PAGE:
4 reasons why internships are important

Now that I’ve been in the workforce for a little while, it’s starting to get more apparent to me that a lot of the skills I use at my job now were initiated in my intern years. While some people view internships as useless or a waste of time, I find them to be extremely valuable.

Not only are internships good for career development, but you also gain more life experience, as well (i.e. learning how to build relationships, how to communicate effectively, etc.). Internships can also make you ambitious, if you let them. Being able to work side by side with coordinators and management in my career field helped me better understand what all it takes to enhance my professional skills for the future.

Another misconception that people have about internships are that they’re only for college students. Not true. There are many companies who offer internships for recent graduates and entry-level professionals with very little work experience. Take the time to look around and do your research.

Below are the four reasons I believe internships are important for both your professional and personal growth.

1. Internships provide risk-free learning.

This has to be the biggest benefit I’ve ever experienced while interning. As an intern, you’re there to learn and grow, period. You’re hardly ever put in a situation where one of your mistakes is so massive, that it affects the entire department (or even worse, the entire company). That’s the beauty of it. The knowledge you gain while on the job is practically risk-free. Of course you have to do the job that’s expected of you, but interning is made for mess-ups and mix-ups. Don’t beat yourself up so much. Learn from your mistake and move on.

2. Internships contribute to your overall work experience.

Internships are a great way to extend your overall work experience. For example, I technically have about two and a half years of professional work experience right now but nearly four years of internship experience. All together, I have approximately six years of experience in my career field. But if you’re going to make these types of statements, you have to make sure you do everything right. None of the internships I had were blow-off jobs. They were all real jobs with real assignments and real experiences. Some of the skills I have now were strictly from my internships, not from my current job. All of these factors play a big part in selling your work experience to potential employers.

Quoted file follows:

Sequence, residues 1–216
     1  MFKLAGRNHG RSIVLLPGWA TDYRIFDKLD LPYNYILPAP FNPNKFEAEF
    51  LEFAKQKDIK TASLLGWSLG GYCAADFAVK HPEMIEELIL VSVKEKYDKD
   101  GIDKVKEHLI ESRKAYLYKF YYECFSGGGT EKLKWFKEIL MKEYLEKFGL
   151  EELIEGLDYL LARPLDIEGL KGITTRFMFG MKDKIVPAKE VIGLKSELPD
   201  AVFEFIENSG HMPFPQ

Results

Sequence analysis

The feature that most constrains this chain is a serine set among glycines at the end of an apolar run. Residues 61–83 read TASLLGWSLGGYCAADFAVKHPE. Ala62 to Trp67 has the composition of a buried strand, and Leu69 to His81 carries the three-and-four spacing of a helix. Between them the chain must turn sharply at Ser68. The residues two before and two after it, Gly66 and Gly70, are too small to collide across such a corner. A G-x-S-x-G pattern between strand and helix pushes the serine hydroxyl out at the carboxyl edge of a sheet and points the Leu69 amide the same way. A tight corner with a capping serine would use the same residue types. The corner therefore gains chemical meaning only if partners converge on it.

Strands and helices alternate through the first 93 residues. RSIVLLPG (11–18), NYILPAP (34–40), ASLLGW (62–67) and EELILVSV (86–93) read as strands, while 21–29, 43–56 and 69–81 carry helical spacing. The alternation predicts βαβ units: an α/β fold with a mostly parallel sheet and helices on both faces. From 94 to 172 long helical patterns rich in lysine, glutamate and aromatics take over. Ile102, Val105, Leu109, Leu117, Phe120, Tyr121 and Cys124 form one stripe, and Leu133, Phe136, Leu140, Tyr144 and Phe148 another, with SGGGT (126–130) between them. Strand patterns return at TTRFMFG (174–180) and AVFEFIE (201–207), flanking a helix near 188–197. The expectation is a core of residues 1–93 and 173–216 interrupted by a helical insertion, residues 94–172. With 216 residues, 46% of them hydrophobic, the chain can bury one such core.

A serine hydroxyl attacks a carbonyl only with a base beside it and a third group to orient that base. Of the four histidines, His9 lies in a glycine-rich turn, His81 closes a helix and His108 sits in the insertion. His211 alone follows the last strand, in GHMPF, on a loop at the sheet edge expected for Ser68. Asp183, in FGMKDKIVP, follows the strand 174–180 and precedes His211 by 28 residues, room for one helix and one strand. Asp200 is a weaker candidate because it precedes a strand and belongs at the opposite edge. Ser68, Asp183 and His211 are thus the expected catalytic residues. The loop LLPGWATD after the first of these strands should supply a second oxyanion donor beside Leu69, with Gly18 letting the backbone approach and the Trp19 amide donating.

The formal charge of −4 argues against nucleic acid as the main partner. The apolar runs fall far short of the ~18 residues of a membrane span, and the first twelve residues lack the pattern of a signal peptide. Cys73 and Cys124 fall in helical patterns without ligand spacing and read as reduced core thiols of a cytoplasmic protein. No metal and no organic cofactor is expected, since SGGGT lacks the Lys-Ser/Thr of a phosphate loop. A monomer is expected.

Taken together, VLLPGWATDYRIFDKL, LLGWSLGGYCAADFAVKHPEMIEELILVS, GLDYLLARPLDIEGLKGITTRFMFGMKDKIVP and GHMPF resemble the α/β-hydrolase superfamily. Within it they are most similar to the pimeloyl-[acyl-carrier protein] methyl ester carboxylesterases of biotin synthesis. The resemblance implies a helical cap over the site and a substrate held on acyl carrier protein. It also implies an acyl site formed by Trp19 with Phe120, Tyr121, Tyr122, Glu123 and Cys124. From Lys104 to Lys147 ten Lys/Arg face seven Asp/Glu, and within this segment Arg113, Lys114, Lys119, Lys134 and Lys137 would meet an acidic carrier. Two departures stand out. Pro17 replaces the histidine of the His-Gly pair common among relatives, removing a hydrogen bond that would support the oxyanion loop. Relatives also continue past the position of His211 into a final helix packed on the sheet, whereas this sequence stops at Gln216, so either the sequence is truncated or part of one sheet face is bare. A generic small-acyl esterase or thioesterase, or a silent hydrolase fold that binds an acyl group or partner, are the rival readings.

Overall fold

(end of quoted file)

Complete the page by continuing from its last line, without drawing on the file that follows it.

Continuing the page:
3. Internships teach you the “chain of command” concept.

I think I learned this around my second year of interning. Back in 2014, I interned for a very large corporate company with multiple layers of management. The coordinator who managed me at the time helped me understand what a chain of command looks like and how I should treat it. Knowing who’s in charge of who and who to speak to first will go a long way. While this isn’t always an issue at every job you’ll have, it’s still a very important skill to understand the management chain and how it can affect your projects and tasks at hand.

4. Internships allow you to explore your career field without the commitment.

It was during my intern years that I discovered exactly what I like and don’t like about my career field. (Short answer: there’s not much I don’t like about mine.) But if you have any doubts about what you studied in college or what you THOUGHT you liked in high school, interning is the perfect way to determine if your interests are what you want to do as a career. Not to mention, interning in multiple industries can spark a new interest,  as well. I used to be opposed to working for nonprofits, but considering most of my internship experience was at a nonprofit, I now gravitate toward nonprofits more than anything! Think over your internship experience, and make a list of your career pros and cons.

The most important thing I would say about internships is to make sure you’re learning something. If all you’re doing is fetching coffee for your manager or making copies on the printer, then that internship may not be the one for you. I’m thankful for my internship experience because I was able to work in various industries and extend my overall professional experience. How have your internships helped you? Are you interning right now? Would you take an internship in the near future? Leave all your thoughts in the comment section below!


*Featured photo by Nastuh Abootalebi.

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Hello! My name is Tammie and formally, I’m a graduate from the University of North Texas with a Bachelor of Arts in Public Relations, a minor in Spanish and a certificate in technical writing. Informally, I’m an energetic 29-year-old who enjoys to write, give professional advice and explore my creative side.

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